Despite the dramatic changes in gender norms in the last few decades, there is one domain where men have steadfastly refused to make tremendous gains: Chores. Wives who are primary breadwinner in the house? Hardly unusual. Husbands who are passionate closet-organizers? Rarer specimens.
This might not be a problem requiring a national solution, but Stephen Marche writing in the New York Times, has one anyway. "The only possible solution to the housework discrepancy is for everyone to do a lot less of it," he writes.
Hm, maybe. But also, how convenient. Wives want cleaner homes; husbands don't. And the "only possible" compromise solution is that the guys get exactly what they want?
This is the third article I've read on the subject of men and housework, after Jon Chait (asking women to embrace the dust) and Jessica Grose (asking men to embrace the duster). Without trying to sound like a cop out, I'll just say that I have no idea how all 120 million married couples should divide their responsibilities. But here are three facts about housework and married couples that should probably drive the discussion:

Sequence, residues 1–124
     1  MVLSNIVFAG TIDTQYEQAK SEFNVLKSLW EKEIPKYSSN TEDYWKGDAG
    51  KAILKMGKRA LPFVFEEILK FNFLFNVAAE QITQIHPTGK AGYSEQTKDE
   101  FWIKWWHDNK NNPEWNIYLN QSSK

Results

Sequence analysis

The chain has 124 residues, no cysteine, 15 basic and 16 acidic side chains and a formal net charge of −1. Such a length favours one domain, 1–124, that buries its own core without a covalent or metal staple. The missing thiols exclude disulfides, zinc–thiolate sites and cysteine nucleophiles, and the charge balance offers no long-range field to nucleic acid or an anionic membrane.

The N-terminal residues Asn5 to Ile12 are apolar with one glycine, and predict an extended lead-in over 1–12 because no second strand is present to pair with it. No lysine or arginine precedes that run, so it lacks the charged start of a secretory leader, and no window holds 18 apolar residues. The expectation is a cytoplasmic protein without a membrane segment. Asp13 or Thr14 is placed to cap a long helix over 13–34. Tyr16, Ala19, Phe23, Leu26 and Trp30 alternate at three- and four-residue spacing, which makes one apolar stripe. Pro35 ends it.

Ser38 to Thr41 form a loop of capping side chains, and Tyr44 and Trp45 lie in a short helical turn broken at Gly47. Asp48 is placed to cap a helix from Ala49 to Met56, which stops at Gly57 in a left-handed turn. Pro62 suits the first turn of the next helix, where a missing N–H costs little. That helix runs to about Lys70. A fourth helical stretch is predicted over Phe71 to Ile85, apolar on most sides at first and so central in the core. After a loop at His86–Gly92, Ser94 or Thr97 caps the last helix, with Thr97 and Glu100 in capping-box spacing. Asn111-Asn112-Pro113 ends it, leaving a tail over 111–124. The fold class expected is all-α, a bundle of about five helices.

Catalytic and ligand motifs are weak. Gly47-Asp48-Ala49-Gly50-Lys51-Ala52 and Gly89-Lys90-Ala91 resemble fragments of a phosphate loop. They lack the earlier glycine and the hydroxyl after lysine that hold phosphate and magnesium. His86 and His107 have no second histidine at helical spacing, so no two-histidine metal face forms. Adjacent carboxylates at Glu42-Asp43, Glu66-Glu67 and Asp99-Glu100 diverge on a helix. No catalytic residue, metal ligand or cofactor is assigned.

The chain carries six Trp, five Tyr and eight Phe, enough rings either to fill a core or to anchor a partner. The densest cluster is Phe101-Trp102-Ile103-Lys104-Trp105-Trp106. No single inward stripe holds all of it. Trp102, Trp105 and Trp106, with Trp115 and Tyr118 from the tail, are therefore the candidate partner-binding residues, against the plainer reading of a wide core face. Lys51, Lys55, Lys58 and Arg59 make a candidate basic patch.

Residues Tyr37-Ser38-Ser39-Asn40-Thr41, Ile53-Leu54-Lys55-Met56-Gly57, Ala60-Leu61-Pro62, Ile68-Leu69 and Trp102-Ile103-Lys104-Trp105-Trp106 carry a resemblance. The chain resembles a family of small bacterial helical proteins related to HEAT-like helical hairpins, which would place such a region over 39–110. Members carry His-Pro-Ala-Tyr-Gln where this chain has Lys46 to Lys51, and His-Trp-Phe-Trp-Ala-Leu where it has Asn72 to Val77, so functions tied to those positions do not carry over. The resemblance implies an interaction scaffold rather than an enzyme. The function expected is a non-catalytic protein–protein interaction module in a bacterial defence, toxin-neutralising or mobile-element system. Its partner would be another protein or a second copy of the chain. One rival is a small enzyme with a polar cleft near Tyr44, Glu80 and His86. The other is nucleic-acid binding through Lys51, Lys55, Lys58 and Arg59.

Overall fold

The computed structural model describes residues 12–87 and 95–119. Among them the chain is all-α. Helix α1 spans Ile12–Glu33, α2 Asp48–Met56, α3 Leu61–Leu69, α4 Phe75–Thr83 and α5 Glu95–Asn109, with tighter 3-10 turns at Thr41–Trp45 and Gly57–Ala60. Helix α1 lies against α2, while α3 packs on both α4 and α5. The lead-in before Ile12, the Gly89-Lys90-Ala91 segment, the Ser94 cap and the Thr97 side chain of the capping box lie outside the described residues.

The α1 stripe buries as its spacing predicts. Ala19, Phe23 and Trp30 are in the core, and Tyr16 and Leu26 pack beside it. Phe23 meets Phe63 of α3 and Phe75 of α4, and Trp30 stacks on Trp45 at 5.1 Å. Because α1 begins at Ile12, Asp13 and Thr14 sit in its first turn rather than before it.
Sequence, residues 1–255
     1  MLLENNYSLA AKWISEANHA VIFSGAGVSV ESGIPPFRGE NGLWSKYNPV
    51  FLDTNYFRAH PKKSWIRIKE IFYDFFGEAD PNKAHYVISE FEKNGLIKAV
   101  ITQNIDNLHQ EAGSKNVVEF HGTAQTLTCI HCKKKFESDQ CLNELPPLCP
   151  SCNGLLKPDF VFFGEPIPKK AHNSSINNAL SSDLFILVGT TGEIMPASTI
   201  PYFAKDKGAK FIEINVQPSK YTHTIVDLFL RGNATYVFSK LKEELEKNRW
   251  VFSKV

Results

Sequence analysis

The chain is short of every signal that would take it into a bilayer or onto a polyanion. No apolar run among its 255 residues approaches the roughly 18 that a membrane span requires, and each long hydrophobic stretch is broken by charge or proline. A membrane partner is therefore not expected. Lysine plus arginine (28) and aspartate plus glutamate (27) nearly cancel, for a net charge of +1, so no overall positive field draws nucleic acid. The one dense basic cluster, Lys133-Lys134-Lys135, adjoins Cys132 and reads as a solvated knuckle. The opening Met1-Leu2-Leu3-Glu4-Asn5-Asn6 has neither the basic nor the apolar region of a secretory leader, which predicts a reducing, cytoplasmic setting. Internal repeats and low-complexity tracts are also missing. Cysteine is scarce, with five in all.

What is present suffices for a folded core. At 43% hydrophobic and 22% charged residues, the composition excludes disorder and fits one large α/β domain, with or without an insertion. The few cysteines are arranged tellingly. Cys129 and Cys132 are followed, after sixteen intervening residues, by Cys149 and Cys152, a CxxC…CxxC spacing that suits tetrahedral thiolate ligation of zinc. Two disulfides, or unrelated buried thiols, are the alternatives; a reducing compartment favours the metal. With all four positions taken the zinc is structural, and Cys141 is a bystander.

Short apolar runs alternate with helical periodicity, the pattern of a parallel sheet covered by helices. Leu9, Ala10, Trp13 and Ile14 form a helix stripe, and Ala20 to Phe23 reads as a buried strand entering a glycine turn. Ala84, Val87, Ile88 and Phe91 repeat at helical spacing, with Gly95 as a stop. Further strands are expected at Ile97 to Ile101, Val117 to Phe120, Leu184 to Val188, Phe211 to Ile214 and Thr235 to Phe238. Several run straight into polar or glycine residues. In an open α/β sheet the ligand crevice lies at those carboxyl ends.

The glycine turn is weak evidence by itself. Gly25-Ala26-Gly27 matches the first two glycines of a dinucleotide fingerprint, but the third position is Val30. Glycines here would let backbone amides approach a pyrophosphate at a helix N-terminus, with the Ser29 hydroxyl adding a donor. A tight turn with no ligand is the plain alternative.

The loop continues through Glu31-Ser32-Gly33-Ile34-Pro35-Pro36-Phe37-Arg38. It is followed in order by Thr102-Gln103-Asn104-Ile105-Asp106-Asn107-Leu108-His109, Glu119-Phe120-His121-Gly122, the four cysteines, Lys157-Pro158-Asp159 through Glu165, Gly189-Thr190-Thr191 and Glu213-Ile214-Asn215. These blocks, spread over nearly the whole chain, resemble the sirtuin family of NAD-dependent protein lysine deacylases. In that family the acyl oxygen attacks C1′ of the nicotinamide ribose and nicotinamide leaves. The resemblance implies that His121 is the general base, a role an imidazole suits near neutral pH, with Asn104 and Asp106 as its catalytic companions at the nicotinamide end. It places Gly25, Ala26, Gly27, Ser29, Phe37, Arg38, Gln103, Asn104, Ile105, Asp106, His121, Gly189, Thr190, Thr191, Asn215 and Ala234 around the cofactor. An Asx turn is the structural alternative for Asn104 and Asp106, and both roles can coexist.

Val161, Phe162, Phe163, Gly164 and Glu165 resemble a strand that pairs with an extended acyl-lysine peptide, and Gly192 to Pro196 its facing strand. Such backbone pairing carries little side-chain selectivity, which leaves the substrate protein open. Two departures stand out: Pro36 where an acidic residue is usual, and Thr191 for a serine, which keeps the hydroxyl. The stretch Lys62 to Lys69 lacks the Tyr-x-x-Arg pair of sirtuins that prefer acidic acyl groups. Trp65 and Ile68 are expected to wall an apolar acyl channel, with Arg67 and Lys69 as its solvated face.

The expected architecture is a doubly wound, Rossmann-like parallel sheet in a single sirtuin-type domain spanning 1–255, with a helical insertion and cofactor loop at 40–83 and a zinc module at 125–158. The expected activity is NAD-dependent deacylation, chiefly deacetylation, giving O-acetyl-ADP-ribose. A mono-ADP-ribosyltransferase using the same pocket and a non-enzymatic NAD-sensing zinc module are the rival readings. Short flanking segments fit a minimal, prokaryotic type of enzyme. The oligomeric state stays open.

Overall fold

- There's less and less housework to do: The amount of housework has declined by 23 percent in the last half century, according to the American Time Use Survey, which is the gold standard for measuring how we spend our days. Some of this decline might be dirtier houses. Much of it is new technologies, like better washer dryers and vacuums, that save time.
- Men do more of it than they used to: They've more than doubled their share of housework since the 1960s.
- But women still do most of it: 18 hours a week for mothers vs. 10 hours a week for fathers in the 2011 ATUS.